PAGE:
Kate: When did you realize that, instead of working the regular 9-5, you wanted to own a restaurant?

Patrick:  While I was working a 9-5. Not everybody is suited for that. It actually took me a long time the become okay with this lifestyle, and then after I worked a 9-5 job for about a year I was like, I can’t do this.

Nick: For me, I got into the restaurant industry when I moved to Ottawa and right away, I knew I loved it.

Kate: How did you two come together? What about your Executive Chef, Darren Flowers?

Patrick: When Nick and I started this, we had an idea of what we wanted this to be. Then while working with Darren at Play Food and Wine, I thought he would be a very organic fit for the restaurant. I think I asked him if he was interested one night out drinking. We are all really good friends, but so different at the same time and that’s what make it work. Our relationships will be part of the atmosphere here.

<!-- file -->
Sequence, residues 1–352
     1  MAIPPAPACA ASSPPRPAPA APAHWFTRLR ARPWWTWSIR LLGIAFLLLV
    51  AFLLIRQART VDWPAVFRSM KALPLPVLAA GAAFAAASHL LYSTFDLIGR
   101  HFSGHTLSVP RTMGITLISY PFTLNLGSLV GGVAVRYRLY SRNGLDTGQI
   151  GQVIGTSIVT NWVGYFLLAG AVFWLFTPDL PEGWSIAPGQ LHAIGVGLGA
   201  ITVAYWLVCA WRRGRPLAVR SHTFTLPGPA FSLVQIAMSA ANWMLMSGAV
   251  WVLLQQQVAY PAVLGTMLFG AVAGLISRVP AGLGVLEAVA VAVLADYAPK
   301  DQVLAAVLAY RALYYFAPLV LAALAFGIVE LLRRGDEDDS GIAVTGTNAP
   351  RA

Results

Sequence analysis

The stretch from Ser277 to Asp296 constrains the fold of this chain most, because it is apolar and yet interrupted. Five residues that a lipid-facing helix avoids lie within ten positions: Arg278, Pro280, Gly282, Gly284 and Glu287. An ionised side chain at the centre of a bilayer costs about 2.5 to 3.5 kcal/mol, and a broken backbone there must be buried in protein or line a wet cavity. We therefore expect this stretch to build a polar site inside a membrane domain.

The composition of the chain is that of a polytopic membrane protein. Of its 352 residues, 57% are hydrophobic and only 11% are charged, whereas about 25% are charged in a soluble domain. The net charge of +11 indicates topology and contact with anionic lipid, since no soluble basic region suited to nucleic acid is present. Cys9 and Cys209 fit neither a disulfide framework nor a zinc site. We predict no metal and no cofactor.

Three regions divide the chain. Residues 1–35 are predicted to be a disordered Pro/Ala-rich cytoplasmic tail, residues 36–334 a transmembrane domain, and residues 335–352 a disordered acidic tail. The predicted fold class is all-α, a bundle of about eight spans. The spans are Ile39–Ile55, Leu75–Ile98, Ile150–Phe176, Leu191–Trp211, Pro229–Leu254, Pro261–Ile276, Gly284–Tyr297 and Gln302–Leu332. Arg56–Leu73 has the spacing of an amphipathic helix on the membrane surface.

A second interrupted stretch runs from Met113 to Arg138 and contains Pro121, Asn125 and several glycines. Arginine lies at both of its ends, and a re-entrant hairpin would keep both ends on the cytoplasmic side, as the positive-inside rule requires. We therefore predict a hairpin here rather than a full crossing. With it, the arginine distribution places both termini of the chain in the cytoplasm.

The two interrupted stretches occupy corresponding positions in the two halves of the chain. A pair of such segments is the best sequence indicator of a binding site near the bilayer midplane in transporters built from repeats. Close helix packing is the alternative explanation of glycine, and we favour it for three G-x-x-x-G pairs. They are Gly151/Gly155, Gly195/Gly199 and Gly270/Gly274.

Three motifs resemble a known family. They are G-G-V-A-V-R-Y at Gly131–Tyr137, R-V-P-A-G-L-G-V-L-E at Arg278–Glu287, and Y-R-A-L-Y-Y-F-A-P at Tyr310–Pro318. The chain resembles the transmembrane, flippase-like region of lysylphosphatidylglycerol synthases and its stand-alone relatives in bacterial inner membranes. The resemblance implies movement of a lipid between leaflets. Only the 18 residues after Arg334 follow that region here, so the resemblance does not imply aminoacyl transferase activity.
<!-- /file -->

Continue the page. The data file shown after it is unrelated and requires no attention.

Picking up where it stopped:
Kate: Is there anyone in this industry that you particularly admire, or that helped you along the way?

Patrick: My biggest influence was Stephen Beckta. I left a high paying job, during a recession to go work for him because of his incredible reputation. Without Steve as a consultant and mentor, we wouldn’t be opening in 2012.  And I can’t forget Paul Meek and Geoff Skeggs, who helped us foster that passion and grow our namesake. Between the two of them, we wouldn’t have the product, the knowledge or the contacts in the beer world.

Nick: Steve Mitton has great work ethic and is very personable. He has definitely been a huge influence on me. He’s open, helpful, and makes good food taste very good.

Kate: In your effort to open Brothers Beer Bistro, what challenges have you faced?

Patrick: One of the hardest things was managing my expectations of things. That was the biggest hurdle for me. You know, you come up with ideas in your mind and trying to tailor them to reality is difficult. And time management. This is a big project, with no experience, it’s like where to start? Who do you contact first?